General Motors’ Opel division will exit the plunging Russian market and abandon production at its plant in St. Petersburg by the end of the year.
In addition, Chevrolet will scale back its presence in Russia, selling “iconic” U.S.-built models such as the Corvette, Camaro and Tahoe.
GM’s new strategy in Russia will focus on selling premium Chevrolet and Cadillac vehicles.
GM President Dan Ammann, in a statement, said, “This change in our business model in Russia is part of our global strategy to ensure long-term sustainability in markets where we operate. This decision avoids significant investment into a market that has very challenging long-term prospects.”
Car sales are falling fast as Russia's fragile economy and weakening currency are hit by Western sanctions over the conflict in Ukraine and buyers delay making large purchases.
Opel Group CEO Karl-Thomas Neumann said, “We had to take decisive action in Russia to protect our business. We confirm our outlook to return the European business to profitability in 2016 and stick to our long-term goals as defined in our DRIVE!2022 strategy.”
GM expects to record net special charges of up to approximately $600 million primarily in the first quarter of 2015. The special charges include sales incentives, dealer restructuring, contract cancellations and severance-related costs. Approximately $200 million of the net special charges will be noncash expenses.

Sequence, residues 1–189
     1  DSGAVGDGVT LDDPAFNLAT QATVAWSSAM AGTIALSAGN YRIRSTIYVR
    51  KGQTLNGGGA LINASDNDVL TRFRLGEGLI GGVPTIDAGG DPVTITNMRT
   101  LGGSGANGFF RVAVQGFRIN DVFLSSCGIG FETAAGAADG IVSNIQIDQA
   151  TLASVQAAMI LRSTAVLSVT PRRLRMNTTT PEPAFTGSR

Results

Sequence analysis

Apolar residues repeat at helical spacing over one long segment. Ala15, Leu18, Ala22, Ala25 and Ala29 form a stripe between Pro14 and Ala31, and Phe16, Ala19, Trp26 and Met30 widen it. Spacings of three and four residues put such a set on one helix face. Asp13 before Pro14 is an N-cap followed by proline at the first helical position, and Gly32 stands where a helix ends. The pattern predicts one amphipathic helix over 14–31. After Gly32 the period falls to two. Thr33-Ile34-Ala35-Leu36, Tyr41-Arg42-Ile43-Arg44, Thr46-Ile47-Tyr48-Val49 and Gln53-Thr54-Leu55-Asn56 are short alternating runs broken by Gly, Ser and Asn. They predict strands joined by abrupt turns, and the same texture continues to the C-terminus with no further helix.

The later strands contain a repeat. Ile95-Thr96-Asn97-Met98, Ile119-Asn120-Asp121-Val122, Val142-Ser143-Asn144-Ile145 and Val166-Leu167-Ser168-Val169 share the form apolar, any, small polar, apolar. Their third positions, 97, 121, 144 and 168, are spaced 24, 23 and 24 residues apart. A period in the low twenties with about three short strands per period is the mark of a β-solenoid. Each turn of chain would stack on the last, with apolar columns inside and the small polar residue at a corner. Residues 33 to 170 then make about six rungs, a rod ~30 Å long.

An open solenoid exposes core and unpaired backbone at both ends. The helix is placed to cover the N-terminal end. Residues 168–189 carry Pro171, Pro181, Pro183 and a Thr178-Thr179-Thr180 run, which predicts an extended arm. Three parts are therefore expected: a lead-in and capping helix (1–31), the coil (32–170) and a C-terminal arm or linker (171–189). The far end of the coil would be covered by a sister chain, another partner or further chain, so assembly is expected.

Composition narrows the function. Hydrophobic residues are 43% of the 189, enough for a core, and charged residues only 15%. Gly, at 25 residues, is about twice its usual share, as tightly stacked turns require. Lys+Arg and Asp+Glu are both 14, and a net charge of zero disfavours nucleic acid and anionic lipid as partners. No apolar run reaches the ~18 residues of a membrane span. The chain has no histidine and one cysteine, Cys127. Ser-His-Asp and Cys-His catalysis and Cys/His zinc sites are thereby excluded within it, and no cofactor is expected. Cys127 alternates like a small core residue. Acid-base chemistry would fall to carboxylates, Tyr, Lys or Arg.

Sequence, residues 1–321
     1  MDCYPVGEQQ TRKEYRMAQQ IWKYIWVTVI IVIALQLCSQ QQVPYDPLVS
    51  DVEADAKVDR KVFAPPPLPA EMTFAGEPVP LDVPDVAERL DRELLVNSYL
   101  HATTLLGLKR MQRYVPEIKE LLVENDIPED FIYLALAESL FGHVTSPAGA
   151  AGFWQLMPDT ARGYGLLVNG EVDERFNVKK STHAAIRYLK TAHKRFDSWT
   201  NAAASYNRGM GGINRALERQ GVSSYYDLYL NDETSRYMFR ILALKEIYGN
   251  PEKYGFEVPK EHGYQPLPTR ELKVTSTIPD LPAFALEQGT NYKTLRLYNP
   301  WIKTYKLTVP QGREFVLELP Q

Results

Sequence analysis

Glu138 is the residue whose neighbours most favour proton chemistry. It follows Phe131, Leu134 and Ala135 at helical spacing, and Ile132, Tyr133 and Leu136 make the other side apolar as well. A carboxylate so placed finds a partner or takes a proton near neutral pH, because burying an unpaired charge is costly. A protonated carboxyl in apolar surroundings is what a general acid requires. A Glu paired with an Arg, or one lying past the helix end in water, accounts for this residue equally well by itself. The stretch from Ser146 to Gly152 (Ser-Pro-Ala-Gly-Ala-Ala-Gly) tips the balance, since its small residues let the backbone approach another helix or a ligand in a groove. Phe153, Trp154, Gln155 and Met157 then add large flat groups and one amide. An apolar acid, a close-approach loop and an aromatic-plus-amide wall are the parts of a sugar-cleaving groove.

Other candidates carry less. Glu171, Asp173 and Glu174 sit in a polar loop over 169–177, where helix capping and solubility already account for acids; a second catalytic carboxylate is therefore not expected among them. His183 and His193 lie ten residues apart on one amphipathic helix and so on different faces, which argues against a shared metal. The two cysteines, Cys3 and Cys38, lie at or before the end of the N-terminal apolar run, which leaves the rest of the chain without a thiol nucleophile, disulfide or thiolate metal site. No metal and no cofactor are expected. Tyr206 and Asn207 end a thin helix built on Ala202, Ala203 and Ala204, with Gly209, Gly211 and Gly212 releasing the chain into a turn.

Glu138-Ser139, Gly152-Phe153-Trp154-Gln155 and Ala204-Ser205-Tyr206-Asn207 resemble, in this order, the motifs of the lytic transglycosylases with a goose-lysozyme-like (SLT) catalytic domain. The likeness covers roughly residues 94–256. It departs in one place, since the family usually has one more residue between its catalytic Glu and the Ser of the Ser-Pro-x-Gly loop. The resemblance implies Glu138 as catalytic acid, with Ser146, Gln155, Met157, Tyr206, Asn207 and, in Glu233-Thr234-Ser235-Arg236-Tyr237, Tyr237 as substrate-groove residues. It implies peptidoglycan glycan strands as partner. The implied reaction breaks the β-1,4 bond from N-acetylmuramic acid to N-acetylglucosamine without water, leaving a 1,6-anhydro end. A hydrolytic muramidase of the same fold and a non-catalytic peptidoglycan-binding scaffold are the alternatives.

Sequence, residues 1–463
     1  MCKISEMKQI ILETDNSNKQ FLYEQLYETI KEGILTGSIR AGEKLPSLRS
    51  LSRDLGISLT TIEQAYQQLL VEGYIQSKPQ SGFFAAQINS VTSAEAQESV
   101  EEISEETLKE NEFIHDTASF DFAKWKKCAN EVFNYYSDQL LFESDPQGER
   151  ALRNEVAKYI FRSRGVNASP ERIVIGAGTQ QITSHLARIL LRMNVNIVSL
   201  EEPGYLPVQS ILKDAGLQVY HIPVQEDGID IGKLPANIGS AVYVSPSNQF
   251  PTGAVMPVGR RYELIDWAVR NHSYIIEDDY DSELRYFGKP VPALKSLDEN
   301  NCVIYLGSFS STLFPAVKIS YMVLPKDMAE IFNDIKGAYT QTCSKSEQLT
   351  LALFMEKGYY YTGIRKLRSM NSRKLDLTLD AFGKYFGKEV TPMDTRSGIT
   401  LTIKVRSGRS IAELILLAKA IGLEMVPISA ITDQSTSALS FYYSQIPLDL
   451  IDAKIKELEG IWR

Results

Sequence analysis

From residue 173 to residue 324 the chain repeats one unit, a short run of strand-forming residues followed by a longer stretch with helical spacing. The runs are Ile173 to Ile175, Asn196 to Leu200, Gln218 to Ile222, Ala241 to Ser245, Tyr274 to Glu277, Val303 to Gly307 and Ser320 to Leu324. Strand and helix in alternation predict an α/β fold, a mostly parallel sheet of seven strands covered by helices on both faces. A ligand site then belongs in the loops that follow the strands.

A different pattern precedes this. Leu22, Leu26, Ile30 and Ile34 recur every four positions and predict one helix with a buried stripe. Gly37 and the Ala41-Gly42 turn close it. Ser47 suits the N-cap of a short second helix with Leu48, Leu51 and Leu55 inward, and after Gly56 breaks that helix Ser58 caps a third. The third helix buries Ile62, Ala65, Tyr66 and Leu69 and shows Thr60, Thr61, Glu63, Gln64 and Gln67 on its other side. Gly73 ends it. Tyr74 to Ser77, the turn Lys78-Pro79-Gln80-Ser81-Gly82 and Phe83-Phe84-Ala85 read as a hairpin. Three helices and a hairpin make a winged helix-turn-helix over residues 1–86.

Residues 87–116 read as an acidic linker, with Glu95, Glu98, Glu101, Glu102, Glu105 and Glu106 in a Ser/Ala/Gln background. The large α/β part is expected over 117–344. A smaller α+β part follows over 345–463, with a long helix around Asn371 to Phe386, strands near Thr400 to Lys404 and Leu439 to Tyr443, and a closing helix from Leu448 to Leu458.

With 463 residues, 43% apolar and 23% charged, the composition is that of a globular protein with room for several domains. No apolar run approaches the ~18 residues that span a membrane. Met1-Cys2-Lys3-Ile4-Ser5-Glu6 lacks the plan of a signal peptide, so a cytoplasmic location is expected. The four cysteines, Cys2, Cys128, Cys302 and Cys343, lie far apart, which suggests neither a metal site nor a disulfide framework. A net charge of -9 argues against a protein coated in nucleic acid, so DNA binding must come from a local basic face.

GM signaled during a March 9 conference call to discuss its plans for a $5 billion stock buyback that its Russian operations were under “serious review.”
RBC Capital analyst Joseph Spak said in a note to investors today that he sees the move as “a near-to-mid-term positive but potentially a longer-term negative.”
Spak notes the myriad difficulties of the Russian market, including regulatory pressures, economic uncertainty and the low number of local suppliers, which pressures margins. He said GM’s plan to pull Opel and most of its Chevy models from the market could aid GM’s goal of turning a profit in 2016 as the company refocuses on other markets.
GM's approach stands “in stark contrast to Ford, which has similarly acknowledged difficult conditions in the country, but continues to view Russia as potentially becoming Europe’s largest market," Spak wrote.
He estimates that Chevrolet has about a 5 percent market share in Russia. Opel has around 3 percent, the same as Ford, Spak estimates.
From his Twitter account, Neumann reiterated GM’s goal of turning a profit in Europe next year.
“The Russian market has developed differently from what we expected,” Neumann said. “It is definitely a setback. We had to act and protect our business.”
Mike Colias and Reuters contributed to this report.
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